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HomeCar CultureThe mystery behind the Ghostbusters Ecto-1 rise in value

The mystery behind the Ghostbusters Ecto-1 rise in value

Hagerty investigates the sudden increase in value of Ecto-1 vehicles

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Who you gonna call? Ghostbusters!

The iconic film Ghostbusters hit the big screen in 1984 and had immediate success, grossing $295 million. The film quickly became a cultural phenomenon, inspiring a sequel in 1989, a reboot in 2016, and the newly released Ghostbusters: Afterlife.

Equipped with a star-studded cast featuring Bill Murray, Dan Aykroyd, Harold Ramis and Ernie Hudson, just to name a few, the original film also stared one of the most recognizable movie cars of all time – a 1959 Cadillac known as Ecto-1.

The ghost-fighting crew used the Ecto-1 to transport their ghostbusting kit around New York to save the city from supernatural beings like Slimer, a big green blob of pure ectoplasm.

The Ectomobile (Ecto-1) is based on a 1959 Cadillac Series 75 commercial chassis the coachbuilder Miller-Meteor called the Miller-Meteor Futura, which was built to function as a hearse that had recumbent “passengers” loaded through the tailgate.

“With its big fins, long creased bonnet and spats covering the rear wheels it borrows many of the design features from famous Caddies of the time such as the Eldorado,” Haggerty UK says in its story investigating the Ecto-1’s rise in value.

“Beneath the bonnet there’s a monster 390 cubic inch (6.4-litre) V8 engine for some spirited performance. And at 21 feet (6.4m) long there’s plenty of room for the ghoul-zapping kit inside.”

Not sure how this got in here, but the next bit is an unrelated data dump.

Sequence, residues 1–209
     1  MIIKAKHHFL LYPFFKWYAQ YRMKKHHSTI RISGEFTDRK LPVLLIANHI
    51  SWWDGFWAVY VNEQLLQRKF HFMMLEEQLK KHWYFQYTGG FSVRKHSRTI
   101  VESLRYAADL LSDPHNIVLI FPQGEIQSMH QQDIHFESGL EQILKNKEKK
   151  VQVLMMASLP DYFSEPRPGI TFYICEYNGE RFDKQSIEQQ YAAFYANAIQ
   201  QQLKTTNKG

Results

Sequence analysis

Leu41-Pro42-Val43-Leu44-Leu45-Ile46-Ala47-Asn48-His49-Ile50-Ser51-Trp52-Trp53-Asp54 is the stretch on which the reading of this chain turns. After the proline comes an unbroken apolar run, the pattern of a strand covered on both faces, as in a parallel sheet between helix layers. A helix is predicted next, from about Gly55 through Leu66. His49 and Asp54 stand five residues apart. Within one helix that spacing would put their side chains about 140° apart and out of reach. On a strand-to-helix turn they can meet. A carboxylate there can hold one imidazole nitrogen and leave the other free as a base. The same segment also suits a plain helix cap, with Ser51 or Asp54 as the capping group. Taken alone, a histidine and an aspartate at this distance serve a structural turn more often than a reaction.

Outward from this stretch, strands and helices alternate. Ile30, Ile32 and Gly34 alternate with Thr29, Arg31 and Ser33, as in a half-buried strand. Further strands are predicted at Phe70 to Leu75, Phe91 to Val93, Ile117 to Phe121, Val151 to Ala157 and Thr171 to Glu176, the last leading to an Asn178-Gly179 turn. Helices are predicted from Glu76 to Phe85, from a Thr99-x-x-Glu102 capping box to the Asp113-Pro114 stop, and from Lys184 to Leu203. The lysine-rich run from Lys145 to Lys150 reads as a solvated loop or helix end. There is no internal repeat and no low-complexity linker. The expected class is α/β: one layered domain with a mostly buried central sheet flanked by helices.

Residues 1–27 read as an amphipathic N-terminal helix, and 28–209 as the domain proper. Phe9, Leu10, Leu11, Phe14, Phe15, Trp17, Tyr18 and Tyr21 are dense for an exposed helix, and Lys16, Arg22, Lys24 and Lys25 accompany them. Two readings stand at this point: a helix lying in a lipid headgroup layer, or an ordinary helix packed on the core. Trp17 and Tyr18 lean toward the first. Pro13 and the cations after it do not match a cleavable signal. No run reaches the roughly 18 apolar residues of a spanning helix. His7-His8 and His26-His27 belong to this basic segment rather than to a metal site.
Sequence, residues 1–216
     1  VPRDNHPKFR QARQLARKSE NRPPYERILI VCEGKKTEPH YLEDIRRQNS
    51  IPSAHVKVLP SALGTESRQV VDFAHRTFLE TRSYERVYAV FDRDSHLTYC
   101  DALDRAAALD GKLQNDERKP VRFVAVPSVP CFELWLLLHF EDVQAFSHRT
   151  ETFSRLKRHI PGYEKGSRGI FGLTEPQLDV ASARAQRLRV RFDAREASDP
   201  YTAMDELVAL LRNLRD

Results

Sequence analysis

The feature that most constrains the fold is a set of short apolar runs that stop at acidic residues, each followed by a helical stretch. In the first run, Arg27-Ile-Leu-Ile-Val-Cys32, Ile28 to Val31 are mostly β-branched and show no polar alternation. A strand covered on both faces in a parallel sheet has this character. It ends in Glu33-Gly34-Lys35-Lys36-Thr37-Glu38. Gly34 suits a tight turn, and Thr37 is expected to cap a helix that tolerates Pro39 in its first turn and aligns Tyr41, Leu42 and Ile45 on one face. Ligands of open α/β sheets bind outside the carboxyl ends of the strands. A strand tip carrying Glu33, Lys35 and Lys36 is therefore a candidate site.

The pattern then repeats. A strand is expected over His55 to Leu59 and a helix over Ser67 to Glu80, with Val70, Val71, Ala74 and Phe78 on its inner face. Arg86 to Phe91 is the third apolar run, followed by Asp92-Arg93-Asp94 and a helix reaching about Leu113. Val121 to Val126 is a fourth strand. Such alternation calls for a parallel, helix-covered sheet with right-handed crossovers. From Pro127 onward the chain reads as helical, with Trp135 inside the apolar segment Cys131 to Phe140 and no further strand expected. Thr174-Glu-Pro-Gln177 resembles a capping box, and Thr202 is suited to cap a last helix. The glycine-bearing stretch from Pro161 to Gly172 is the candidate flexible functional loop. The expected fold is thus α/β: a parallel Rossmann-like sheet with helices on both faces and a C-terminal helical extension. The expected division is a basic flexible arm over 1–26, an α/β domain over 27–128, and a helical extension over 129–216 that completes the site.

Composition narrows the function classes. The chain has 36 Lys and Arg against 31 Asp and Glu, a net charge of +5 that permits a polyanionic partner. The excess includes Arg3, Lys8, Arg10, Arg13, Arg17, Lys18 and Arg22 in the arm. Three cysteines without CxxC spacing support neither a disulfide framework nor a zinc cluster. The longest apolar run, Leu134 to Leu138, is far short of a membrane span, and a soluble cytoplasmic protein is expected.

Only 25 Miller-Meteor Futuras were built, two owned by Sony and customized for the Ghostbusters film. Another third of the 25 were bought to promote the movie.

According to the Hagerty valuations department, one of the film cars was offered for $149,998 in 2007 and a year later, another of the cars made for the Universal Studios theme park in Florida was offed on eBay for $45,000.

Hagerty notes that just two years after later, one of the cars mentioned above was sold at a Barrett-Jackson auction for $88,000.

“Prices were clearly on the up more than a decade ago. In the intervening years, they’ve rocketed,” Hagerty says. “For a genuine movie car, with a certified history, Hagerty now estimates the value to be in excess of $500,000.”

But not only are the actual movie cars’ value on the rise, so are replicas.

For example, a fan-creation Ecto-1 sold at a 2020 Barrett-Jackson auction for $220,000 and another sold on eBay in 2014 for $235,420.

The mystery behind the Ghostbusters Ecto-1 rise in value
Barrett-Jackson photo

However, you can find Ecto-1 replicas under to six-figure mark, as did Peter Dale, who purchased his Ecto-1 at the start of the first lockdown in 2020 for about $94,000.

“I bought it within two hours of hearing it was coming up for sale,” Dale told Hagerty. “It had already been converted to Ecto-1 but had then been left to sit for a few years. The engine wasn’t running, and it needed to be totally recommissioned,” he said.

The mystery behind the Ghostbusters Ecto-1 rise in value
Dale’s Ecto-1 replica | Peter Dale photo

Dale put about $108,000 into the car to restore its ghostbusting glory.

When asked what it’s like to drive an Ecto-1, he responded: “Although it’s a very big car, it’s easy to drive. Visibility is great through all the glass and it’s got power steering and assisted brakes.

“Surprisingly for something so long, the turning circle is quite good. The biggest problem is that it attracts so much attention. You go to change lanes and there’s someone alongside filming on a smartphone, so you have to have your wits about you.”

The mystery behind the Ghostbusters Ecto-1 rise in value
Dale’s Ecto-1 replica | Peter Dale photo

Dale’s Ecto-1 has been used for promoting the newest film in the Ghostbuster universe – Ghostbusters: Afterlife in theaters now.

Racheal Colbert
An experienced writer and editor, Racheal brings her enthusiasm for collector cars to her role as the Content Manager of the Collector Car Network. Former Content Writer and Marketing Manager in the tech and publishing industry, Racheal brings a fresh perspective to the Journal and the automotive world.

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